Investors that lack the required capital to become full validators might stake by delegating to a staking pool. Indeed, delegating is suggested for the ordinary cryptocurrency investor, as validating often demands high-end hardware and an industrial-grade internet connection.
A staking pool enables investors to pool their resources to increase their chances of winning rewards. Staking power, on the other hand, is proportionate to the percentage of total assets staked.
Many network users lack the necessary assets to validate independently; as a result, they choose to donate their resources to a staking pool by delegating what they do have. Stakers receive a share of the earnings generated by block rewards. Typically, these pools are managed by administrators who oversee their operations and activities. Operators often charge a commission that is disclosed in advance.
Additionally, some staking assets incentivize longer and more continuous staking periods: the longer your resources remain in the pool, the better your rewards. Due to the existence of staking pools, there is no compulsion to invest the minimum staking required to be a validator. Rather than that, the community pool balances the resources and ensures equitable profit distribution.
Staking Impacts Negatively on the Environment
This is again one of the crypto staking misconceptions among the stakers. PoS is more ecologically friendly than alternative consensus processes, such as the PoW, and has a higher transaction volume and capacity. Since its beginning, the PoW model has been a source of contention because of its high energy consumption and significant negative environmental effect.
PoW, which powers key projects such as Bitcoin, Litecoin, and Dogecoin, demands network users to complete particular tasks including solving arbitrary mathematical problems to verify the network and preserve the blockchain’s integrity. Due to the heightened rivalry implied by this model, miners made significant expenditures on powerful computers to mine more efficiently. As a result, energy usage and costs increased.
It is rather typical for individuals to criticize cryptocurrency projects’ consensus methods together. However, staking has a negligible environmental impact.
Rewards for Staking are Always Secure and Consistent
Despite the tremendous benefits of blockchain technology, like enhanced trust, security, and transparency, profit creation consistency cannot be completely assured. The rate of return cannot be guaranteed due to the random selection of validators, which results in occasional ups and downs in returns. Additionally, validators charge a variable fee. Depending on the validator you choose, this may result in some pools receiving fewer payouts than others.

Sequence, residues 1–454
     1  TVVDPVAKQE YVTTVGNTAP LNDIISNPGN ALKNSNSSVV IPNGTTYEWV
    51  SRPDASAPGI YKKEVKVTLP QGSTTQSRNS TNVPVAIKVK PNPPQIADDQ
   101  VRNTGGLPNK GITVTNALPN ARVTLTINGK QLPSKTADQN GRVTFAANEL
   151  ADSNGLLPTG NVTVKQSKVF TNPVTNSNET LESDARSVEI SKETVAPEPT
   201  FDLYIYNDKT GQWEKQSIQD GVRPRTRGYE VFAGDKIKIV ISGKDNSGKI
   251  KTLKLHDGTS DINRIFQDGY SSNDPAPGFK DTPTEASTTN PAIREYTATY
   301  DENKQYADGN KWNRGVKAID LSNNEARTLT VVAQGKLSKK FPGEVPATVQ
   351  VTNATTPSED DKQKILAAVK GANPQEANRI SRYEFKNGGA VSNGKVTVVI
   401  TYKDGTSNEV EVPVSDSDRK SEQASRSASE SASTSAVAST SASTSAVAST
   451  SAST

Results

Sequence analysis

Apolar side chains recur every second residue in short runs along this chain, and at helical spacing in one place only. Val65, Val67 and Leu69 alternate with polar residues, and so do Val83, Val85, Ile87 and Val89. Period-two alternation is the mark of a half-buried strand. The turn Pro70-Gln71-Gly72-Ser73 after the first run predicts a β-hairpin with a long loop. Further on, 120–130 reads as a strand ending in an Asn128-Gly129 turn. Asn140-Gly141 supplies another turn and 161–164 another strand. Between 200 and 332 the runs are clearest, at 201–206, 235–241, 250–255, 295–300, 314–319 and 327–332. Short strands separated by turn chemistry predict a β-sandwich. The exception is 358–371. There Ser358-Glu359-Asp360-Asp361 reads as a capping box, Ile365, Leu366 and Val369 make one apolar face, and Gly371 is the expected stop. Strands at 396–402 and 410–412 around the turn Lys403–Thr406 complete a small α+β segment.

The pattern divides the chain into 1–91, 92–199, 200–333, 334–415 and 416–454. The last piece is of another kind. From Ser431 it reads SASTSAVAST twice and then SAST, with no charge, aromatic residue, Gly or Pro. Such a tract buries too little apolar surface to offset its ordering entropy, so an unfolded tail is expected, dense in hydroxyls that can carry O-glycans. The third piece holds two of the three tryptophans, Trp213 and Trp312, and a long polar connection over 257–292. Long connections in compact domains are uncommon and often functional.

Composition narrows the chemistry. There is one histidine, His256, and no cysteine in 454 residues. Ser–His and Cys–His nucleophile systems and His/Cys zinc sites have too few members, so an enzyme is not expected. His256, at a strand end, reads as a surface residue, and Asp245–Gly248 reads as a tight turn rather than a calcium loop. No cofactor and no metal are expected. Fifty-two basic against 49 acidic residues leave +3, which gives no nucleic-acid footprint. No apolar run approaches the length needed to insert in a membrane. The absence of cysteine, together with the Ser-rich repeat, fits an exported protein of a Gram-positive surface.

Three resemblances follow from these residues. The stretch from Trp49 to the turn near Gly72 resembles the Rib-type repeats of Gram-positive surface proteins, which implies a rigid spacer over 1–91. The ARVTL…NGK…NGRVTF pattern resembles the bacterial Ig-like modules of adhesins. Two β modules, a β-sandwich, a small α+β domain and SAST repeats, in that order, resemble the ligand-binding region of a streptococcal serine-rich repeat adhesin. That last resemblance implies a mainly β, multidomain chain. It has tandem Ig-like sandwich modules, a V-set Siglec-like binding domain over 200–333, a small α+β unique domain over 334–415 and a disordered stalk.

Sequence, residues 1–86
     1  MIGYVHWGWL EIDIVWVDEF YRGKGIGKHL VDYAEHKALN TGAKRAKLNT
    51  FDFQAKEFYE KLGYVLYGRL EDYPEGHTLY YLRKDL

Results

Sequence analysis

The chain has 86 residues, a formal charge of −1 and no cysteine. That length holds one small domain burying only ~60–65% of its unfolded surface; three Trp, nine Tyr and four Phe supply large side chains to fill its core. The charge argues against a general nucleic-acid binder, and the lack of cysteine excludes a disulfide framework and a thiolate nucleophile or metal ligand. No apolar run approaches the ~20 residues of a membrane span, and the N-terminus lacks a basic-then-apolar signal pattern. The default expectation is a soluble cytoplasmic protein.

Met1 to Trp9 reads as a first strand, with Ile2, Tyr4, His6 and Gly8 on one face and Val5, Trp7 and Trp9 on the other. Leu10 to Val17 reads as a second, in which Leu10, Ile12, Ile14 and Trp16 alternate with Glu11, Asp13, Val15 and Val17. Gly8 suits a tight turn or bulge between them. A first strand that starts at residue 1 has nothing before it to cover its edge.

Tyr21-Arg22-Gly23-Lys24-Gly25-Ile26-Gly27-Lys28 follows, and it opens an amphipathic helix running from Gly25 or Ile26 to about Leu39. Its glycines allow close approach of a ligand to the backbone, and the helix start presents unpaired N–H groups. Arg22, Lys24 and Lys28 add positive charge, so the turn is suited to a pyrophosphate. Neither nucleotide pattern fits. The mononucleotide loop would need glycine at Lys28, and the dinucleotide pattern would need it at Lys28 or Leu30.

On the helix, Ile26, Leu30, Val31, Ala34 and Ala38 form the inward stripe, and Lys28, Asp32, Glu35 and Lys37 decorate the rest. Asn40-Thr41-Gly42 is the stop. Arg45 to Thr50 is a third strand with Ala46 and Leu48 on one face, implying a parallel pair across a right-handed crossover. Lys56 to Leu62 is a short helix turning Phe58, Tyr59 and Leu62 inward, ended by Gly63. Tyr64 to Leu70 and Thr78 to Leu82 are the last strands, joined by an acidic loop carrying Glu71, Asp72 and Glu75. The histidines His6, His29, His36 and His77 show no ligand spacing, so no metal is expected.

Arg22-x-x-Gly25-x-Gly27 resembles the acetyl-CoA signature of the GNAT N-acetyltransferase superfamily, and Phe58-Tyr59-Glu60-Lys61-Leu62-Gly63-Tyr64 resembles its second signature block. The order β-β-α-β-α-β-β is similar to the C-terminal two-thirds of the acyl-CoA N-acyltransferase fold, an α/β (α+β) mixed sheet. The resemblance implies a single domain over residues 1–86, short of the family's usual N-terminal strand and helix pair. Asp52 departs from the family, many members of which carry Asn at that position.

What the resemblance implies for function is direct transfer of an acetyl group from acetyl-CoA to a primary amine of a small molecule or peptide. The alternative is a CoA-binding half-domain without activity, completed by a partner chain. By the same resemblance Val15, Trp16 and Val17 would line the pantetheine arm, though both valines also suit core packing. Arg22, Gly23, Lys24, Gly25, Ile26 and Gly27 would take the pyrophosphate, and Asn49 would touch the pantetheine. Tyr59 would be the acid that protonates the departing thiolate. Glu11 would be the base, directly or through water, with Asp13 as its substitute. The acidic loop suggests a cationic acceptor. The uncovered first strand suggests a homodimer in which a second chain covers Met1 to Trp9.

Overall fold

Additionally, you may lose part of your staked assets due to a process called slashing. While this is not a feature of every POS cryptocurrency, it does exist for Polkadot, Cosmos, and Solana. When the validator behaves incorrectly, slashing happens. This might be due to submitting a transaction twice, being offline for an extended period, or any number of other causes.
If you have crypto that you can stake and have no immediate plans to exchange it, you should stake it. It requires no work on your behalf, and you’ll earn more cryptocurrency.
Given the potential profits, it’s worthwhile to research cryptos that support staking. Several cryptocurrency exchanges provide this service but are sure to analyze each one to see whether it is a sound investment. It makes sense to purchase a cryptocurrency for staking only if you feel it is also a solid long-term investment.
Both cryptocurrencies and cryptocurrency investors have benefited from the proof-of-stake model. Proof of stake enables cryptocurrencies to handle a huge volume of transactions at a low cost. Additionally, cryptocurrency investors might earn passive income from their holdings. Now that you have a better understanding of staking and crypto staking misconceptions, you can begin researching cryptos that support staking.